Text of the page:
It is still drizzling so I opt for a private tour in a car rather than a motorcycle. The price is highway robbery at $40 for a half day, but it affords me the luxury of customizing the tour to my liking and being able to stop wherever I want for as long as I want, so I splurge. My driver speaks only a little English, so the hotel clerk tells him where I want to go; we’ll figure out the rest with sign language as we go.
We head for Danang, which is 30 kilometers north. I will be going this way again tomorrow but the bus takes the new tunnel through the mountain that separates Danang and Hue and I want to go to Hai Van Pass at the top of the mountain. Although patches of fog linger, as we ascend I am treated to glimpses of pristine beaches in hidden coves all along the rugged coast. In the sunshine these waters must sparkle like emeralds, but today they are hiding their jewels under their skirts. Even so it is beautiful – the swirling mists giving everything an ethereal feel. From the moment I step out of the car at the summit I am accosted by a shopkeeper who follows me around, determined to sell me one of her cheap bracelets or a set of postcards. I say no repeatedly and finally have to climb a mountain path to get away from her. At the top I find American gun battlements left over from the war; Danang and China Beach were major base for us during the war.
On the road again we head back south through the center of Danang to Marble Mountain. The site of a major quarry that produces some of the finest marble in the world, Marble Mountain is also the site of a major Buddhist monastery. The hotel clerk had encouraged me to “just look around for a few minutes at the bottom” rather than going up into the site. “It OK for men to go but maybe dangerous for woman; many steps, you slip, maybe fall.” The bottom is full of shops selling marble statuary and stonemasons chipping away at hunks of rock – really of no interest to me. However the steep marble steps leading up the mountain beckon, so I pay the 20,000 Dong entrance fee and start climbing. The steps are extremely steep and I groan as I heft my body, backpack and all, up and over each one. I worry that it will be even more difficult coming back down with my bad knee but I remember to stay in the moment and dismiss that thought.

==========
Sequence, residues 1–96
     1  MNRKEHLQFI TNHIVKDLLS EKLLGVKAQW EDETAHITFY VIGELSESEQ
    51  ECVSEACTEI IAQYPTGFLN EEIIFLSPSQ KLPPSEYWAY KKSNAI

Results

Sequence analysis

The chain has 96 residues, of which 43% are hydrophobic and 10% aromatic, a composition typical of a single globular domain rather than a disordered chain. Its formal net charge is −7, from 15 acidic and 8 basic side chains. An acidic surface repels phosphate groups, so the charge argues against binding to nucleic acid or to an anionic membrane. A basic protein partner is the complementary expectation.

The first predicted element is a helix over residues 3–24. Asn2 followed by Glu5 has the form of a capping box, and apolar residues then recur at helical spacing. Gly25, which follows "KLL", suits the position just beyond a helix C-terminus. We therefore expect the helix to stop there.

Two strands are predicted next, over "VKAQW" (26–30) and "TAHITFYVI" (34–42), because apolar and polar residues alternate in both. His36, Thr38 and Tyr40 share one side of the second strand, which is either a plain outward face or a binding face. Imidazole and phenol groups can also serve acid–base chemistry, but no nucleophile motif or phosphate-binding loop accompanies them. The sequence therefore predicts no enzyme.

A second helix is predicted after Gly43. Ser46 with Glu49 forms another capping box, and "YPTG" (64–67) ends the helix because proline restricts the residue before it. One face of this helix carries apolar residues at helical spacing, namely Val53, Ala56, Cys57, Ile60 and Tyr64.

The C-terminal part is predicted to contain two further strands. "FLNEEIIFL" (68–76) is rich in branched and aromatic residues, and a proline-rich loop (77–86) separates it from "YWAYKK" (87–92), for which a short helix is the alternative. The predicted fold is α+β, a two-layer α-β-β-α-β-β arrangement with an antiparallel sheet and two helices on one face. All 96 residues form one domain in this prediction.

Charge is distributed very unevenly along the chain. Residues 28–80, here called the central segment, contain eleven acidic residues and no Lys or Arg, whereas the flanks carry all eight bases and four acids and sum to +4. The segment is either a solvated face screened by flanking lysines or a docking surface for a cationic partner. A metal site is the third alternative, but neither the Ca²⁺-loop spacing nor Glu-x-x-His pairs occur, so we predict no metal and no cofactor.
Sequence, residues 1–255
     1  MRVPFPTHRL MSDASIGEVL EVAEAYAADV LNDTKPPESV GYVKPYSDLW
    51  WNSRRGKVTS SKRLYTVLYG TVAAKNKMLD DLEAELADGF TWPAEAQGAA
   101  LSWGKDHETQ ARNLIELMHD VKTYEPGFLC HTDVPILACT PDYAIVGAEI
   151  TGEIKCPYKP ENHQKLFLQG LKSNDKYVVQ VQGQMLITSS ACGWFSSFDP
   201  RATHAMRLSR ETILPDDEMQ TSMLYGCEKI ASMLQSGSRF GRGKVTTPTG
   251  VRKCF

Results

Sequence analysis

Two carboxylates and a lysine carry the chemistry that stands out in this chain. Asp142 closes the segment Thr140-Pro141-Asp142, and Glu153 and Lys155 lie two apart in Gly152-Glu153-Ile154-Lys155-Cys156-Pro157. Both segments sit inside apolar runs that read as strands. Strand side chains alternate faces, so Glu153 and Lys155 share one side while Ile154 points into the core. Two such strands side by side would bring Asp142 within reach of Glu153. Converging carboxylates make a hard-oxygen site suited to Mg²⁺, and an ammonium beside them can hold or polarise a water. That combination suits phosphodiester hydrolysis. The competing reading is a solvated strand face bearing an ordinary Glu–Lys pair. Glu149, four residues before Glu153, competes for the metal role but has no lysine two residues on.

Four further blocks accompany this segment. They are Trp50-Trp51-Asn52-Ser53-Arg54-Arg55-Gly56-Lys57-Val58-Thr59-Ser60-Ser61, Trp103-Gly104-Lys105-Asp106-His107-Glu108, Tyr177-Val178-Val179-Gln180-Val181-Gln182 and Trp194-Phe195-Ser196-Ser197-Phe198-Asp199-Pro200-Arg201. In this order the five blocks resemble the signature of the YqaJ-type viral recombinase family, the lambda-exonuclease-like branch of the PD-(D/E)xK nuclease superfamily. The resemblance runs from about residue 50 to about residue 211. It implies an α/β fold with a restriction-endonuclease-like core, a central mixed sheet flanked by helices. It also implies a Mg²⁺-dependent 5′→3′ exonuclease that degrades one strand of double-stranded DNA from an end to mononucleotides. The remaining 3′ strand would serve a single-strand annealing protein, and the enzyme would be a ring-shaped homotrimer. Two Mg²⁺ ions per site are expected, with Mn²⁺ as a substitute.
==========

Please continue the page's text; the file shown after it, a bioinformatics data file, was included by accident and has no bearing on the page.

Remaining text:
Built over several levels around the mountain, this monastery is impressive in its beauty as well as its engineering. Pagodas, temples, burial tombs, and bridges over serene fish ponds alternate with caves holding altars and painted statuary. I spend two hours exploring every nook and cranny and descend via a different stairway that is much less steep than the one I ascended.
When I get back, my driver is obviously upset. At first he won’t tell me what is wrong but I persist and he eventually admits that the hotel clerk told him I would only stay 10 minutes at the bottom of Marble Mountain. Not my problem. I paid for a half-day tour and I’ll spend it any way I wish. I do feel sorry for the driver, however, since he had to leave a family celebration to work. I suspect he thought it would be a quick two-hour affair, after which he could return to the family.
Continuing south, we make a brief stop at China Beach, another famous site from the Vietnam War (although my driver refers to it as the American War). Then on to Cu Dai beach in Hoi An. The beaches here are nice but certainly not the most beautiful I have ever seen. They cannot compare with the Caribbean and I am sure the beaches of the South Pacific are stunning, but they are decent beaches with nice resorts and you certainly can’t beat the prices; my hotel here is $25 per night. Back at the hotel I give my driver a 50,000 Dong tip, which will double the amount of money he is paid by his company for the afternoon. I may be a sucker. The whole anger thing may have been an act to make me feel guilty, but it is, after all, only three dollars and change. And it was worth it; Marble Mountain, especially, is not to be missed.